Rosenberg LibraryRoenberg Library
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Glitz and Glamour: Galveston's Mardi Gras in the Roaring Twenties
Mardi Gras gownMardi Gras gown
Mardi Gras, a period of revelry prior to Lenten fasting, has been a Galveston tradition since 1867. During the 1920s Galveston celebrated Mardi Gras with astounding glamour. “King Frivolous” and his “Queen,” along with their court of princes and princesses, were appointed from the social elite and presided over the festivities. Mardi Gras balls also provided a venue for debutantes, who donned exquisite gowns. In 1926, royalty wore period attire in honor of George Washington, whose birthday coincided with the February 22nd ball.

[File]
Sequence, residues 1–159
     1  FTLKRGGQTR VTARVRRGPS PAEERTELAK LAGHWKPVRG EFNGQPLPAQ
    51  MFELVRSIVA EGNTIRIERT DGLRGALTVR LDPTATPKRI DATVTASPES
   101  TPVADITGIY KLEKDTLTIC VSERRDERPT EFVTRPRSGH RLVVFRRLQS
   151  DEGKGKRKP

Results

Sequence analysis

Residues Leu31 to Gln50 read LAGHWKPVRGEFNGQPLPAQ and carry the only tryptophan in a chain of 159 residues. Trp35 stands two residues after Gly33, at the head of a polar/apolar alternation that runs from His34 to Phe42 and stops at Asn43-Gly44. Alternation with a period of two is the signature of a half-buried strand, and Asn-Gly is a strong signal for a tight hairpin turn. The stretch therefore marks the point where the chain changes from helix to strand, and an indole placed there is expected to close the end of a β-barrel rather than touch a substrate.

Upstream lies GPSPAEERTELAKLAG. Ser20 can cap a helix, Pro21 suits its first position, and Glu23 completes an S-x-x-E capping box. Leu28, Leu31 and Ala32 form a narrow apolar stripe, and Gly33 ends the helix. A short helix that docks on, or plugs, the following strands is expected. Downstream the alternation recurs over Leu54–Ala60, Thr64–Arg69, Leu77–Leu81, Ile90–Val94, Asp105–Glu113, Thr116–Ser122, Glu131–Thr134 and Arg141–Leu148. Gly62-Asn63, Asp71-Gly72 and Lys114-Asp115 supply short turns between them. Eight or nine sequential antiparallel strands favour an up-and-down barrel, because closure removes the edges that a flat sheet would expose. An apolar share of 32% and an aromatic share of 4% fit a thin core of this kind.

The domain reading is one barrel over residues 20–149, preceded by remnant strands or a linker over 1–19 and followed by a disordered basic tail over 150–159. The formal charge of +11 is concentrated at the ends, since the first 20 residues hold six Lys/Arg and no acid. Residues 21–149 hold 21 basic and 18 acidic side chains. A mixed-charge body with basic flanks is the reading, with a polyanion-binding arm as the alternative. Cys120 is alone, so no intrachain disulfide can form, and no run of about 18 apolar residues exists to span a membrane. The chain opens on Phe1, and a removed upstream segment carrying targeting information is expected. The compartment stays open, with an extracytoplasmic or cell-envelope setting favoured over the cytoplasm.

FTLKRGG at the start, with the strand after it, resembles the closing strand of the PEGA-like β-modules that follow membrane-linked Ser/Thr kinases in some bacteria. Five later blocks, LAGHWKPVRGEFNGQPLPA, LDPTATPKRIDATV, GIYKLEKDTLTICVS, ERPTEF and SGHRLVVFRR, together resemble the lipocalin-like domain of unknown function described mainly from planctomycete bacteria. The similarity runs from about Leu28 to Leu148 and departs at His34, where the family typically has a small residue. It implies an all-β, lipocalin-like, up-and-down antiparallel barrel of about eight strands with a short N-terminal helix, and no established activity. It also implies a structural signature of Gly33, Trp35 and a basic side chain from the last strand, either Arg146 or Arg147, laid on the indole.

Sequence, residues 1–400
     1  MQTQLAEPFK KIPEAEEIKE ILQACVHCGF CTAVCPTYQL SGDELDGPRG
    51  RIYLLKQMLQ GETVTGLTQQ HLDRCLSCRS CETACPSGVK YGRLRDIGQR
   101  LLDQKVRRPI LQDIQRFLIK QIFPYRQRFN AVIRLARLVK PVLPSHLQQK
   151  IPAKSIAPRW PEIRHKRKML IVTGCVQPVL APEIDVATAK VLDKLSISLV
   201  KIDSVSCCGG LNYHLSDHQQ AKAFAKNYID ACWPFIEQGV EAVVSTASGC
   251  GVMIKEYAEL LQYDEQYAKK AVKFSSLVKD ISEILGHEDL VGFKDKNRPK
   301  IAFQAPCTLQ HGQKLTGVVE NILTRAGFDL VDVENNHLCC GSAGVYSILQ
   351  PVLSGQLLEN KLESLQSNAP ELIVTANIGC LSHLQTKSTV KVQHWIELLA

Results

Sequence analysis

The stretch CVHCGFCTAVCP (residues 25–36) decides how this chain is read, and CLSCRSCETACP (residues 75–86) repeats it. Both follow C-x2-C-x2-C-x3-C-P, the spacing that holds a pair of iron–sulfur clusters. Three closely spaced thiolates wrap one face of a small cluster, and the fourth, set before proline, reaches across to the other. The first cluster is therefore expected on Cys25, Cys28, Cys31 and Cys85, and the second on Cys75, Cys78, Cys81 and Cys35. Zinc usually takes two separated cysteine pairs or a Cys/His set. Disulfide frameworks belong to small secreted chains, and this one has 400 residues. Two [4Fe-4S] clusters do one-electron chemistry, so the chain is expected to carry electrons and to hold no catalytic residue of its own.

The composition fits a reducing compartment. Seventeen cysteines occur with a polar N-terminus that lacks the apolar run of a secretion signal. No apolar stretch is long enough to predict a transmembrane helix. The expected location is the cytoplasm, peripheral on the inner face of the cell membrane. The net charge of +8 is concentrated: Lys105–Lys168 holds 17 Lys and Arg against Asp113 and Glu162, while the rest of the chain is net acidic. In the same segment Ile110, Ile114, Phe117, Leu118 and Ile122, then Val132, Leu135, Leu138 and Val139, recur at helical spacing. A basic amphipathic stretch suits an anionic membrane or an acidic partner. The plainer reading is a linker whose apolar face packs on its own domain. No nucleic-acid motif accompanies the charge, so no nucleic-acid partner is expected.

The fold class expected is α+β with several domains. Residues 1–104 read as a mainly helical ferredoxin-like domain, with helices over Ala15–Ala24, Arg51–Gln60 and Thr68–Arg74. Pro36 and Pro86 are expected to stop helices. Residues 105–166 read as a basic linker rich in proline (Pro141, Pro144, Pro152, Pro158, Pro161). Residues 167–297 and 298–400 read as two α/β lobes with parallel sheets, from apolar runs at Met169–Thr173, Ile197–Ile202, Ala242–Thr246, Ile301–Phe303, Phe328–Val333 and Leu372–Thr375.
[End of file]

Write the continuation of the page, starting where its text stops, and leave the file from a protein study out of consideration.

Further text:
Mardi Gras gownThe Rosenberg Library celebrated Mardi Gras with the exhibit “Glitz and Glamour: Galveston’s Mardi Gras in the Roaring Twenties.” The exhibit featured enlargements of color photographic portraits taken of members of the Mardi Gras “court” in their finery. Photographer Paul Naschke took most, if not all, of these portraits. His wife Della painstakingly applied color to his black-and-white photographs.

The Harris Gallery at the Rosenberg Library is open Mondays - Saturdays, 9 am - 6 pm.



Gown display2012 Mardi Gras poster



The Library’s Galveston and Texas History Center invites the general public to donate Galveston Mardi Gras photographs. Please contact Sean McConnell, Archivist, at smcconnell@rosenberg-library.org.